Story of Jeremy Chan (Hong Kong, UWCD'18)
  • Stories of Alumni

Jeremy Chan is our third generation alumnus from Hong Kong. After UWCD, Jeremy first took a gap year with Global Citizen Year in order to take a break and reflect on his two years in Armenia. Currently he is at Davidson College in North Carolina. For his third year of university, Jeremy is studying abroad at the London School of Economics and Political Science as an Economics major and Latin American Studies minor.

What was your student life like in Dilijan?
The best thing about student life in Dilijan is that we could all live with our classmates who are from all parts of the world. There were also many Toon time activities and student-organized events to participate in. I remember League of Toons was a very fun event where each Toon would compete with other Toons in different sports and activities. This definitely helped create a bond that is hard to find in other boarding schools. It was also very nice how the school was only limited to two years (200 or so students) allowing all of us to actually know each other and to be able to sit with any person and still have a great conversation during meals, Toon time, etc.
For me, what I learned in the IB or in my textbooks doesn’t last long, but the friendships I made in UWC Dilijan definitely last. I am very lucky to have been able to see some of my best friends after graduating and even though we haven’t seen each other in forever, I can still have great conversations and banter with them.

What is it that IB and UWC teachers teach you?
I think the IB did prepare me well in terms of the workload for university, and it also taught me to think critically. A lot of the material that we covered in the IB was retaught in my first year of university.

Which CAS projects did you participate in and what did you get from that experience?
One CAS that I really enjoyed was the water polo CAS. I used to play water polo back in Hong Kong, and I was very surprised that there was already a water polo CAS and team in UWC Dilijan when I arrived. We had weekly training, team dinners and matches. For my CAS project, I was able to invite a local team from Yerevan to come play against us in Dilijan. It was a great experience to be able to play competitively against a local team and we also treated them to lunch at our cafeteria!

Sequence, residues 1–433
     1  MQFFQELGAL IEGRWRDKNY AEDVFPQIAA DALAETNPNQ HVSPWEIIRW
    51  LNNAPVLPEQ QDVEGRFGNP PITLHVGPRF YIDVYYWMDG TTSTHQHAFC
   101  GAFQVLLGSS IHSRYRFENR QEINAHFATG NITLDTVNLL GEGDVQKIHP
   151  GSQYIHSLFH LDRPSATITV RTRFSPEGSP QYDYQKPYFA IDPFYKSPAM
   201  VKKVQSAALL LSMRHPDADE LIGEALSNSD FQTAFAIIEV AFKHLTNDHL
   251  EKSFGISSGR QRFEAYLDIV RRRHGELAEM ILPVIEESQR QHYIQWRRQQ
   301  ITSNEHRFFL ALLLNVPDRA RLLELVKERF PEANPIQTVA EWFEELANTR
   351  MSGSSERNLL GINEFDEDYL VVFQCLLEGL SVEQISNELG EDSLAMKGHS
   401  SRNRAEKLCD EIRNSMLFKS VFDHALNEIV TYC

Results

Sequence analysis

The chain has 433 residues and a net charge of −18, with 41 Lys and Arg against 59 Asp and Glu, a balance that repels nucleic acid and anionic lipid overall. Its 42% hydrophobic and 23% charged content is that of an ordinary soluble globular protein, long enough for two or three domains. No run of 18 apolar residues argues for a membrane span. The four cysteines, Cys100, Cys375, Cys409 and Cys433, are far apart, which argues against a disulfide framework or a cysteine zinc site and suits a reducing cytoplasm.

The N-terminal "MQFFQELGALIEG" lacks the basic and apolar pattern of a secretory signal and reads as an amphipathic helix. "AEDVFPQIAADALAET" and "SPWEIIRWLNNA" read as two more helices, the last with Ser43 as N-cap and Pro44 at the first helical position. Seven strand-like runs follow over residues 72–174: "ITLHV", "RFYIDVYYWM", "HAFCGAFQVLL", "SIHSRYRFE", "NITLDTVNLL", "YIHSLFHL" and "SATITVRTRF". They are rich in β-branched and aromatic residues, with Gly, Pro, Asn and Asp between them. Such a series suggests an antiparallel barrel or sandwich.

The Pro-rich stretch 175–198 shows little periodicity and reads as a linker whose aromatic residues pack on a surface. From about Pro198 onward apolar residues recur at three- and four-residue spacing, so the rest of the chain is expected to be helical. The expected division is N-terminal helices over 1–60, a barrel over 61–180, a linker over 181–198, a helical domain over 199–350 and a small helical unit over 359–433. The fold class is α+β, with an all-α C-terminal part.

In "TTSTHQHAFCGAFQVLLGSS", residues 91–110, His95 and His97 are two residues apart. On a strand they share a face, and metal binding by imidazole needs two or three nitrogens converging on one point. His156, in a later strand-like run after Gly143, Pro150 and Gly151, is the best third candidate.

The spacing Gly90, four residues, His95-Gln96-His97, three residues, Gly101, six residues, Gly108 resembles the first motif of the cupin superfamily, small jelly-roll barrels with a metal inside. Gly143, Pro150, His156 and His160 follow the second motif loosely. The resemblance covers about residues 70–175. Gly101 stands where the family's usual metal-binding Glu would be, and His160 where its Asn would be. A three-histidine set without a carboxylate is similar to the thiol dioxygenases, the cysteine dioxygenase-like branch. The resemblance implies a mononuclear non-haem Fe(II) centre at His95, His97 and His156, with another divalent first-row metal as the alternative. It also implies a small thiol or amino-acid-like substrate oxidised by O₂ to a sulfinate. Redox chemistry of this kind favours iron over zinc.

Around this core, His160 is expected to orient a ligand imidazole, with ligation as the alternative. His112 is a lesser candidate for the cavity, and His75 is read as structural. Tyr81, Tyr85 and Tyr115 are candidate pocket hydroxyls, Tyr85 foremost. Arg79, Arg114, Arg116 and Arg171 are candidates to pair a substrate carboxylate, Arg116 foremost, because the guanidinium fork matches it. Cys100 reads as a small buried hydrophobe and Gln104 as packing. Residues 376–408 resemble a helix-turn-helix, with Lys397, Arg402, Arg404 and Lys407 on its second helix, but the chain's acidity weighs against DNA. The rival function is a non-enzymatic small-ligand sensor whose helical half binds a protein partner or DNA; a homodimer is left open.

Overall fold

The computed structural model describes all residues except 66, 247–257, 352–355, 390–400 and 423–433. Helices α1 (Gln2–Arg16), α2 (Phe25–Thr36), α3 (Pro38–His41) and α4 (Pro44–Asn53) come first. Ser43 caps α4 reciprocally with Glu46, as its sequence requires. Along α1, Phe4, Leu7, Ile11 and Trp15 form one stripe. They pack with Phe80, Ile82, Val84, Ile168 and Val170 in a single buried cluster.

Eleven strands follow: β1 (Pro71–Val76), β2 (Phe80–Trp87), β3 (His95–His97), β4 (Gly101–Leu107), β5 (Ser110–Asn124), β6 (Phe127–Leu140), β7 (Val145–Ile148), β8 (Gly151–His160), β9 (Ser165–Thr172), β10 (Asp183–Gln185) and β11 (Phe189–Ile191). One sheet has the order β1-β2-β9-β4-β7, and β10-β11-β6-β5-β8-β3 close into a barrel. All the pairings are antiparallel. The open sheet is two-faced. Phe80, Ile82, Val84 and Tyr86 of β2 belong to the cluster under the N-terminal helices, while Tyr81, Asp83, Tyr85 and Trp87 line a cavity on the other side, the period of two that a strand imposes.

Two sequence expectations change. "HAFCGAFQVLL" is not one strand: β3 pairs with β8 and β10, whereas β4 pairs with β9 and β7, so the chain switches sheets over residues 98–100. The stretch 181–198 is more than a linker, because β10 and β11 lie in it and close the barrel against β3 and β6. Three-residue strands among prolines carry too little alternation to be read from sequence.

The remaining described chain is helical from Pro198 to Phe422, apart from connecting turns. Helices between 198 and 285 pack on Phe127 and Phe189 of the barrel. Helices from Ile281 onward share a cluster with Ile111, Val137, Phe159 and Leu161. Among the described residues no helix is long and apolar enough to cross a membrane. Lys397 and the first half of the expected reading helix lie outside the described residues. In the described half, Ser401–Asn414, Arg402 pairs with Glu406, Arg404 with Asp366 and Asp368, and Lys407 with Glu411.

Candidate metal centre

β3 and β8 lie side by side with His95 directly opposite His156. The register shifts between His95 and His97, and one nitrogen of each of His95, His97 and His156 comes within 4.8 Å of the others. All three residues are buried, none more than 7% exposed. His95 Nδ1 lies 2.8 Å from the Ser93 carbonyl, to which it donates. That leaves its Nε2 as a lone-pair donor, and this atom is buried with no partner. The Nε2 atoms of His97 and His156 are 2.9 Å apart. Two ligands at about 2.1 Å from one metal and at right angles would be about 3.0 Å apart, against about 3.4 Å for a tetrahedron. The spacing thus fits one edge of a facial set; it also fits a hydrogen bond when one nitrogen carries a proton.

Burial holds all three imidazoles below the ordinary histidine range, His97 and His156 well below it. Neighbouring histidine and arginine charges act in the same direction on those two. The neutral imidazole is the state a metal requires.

How was the transition from UWCD to university?
After graduating from UWC Dilijan, I decided that I wanted to take a gap year with Global Citizen Year in order to take a break and reflect on my two years in Armenia, but also to gain some working experience to figure out what I really want to study. My gap year in Ecuador was really great as I was able to continue to learn Spanish and the local culture. I’m very grateful to UWCD and the Davis scholarship that allowed me to take on this gap year.
Going to university after my gap year was not the easiest in my first semester. I would keep comparing UWC Dilijan with my university, which obviously was not a fair comparison. However, I eased into it and I really enjoy the university that I am attending now. I am currently at Davidson College in North Carolina with a few other UWC Dilijan alums!

What are you doing now?
For my third year of university, I am currently studying abroad at the London School of Economics and Political Science. I am an Economics major and Latin American Studies minor, which is really great because I get to take an array of classes that are all very interesting. I have tried to remain somewhat in contact with Armenia and I was recently nominated to join the Dilijan Global Shapers Hub which is an organization under the World Economic Forum. I really hope to use this opportunity to create projects with fellow shapers to give back to the country that was my home for two years.

What are your best memories from UWC Dilijan?
Some of my best memories of UWCD were definitely cultural evenings. Watching other cultural evenings was always a lot of fun, organizing the Asian cultural evening was great too. Although oftentimes stressful as we would only start preparing a couple hours beforehand, it always turned out great. Every time we did a cultural evening, I would learn more about my own country, but also realize the similarities there are between my country and other countries in the region.

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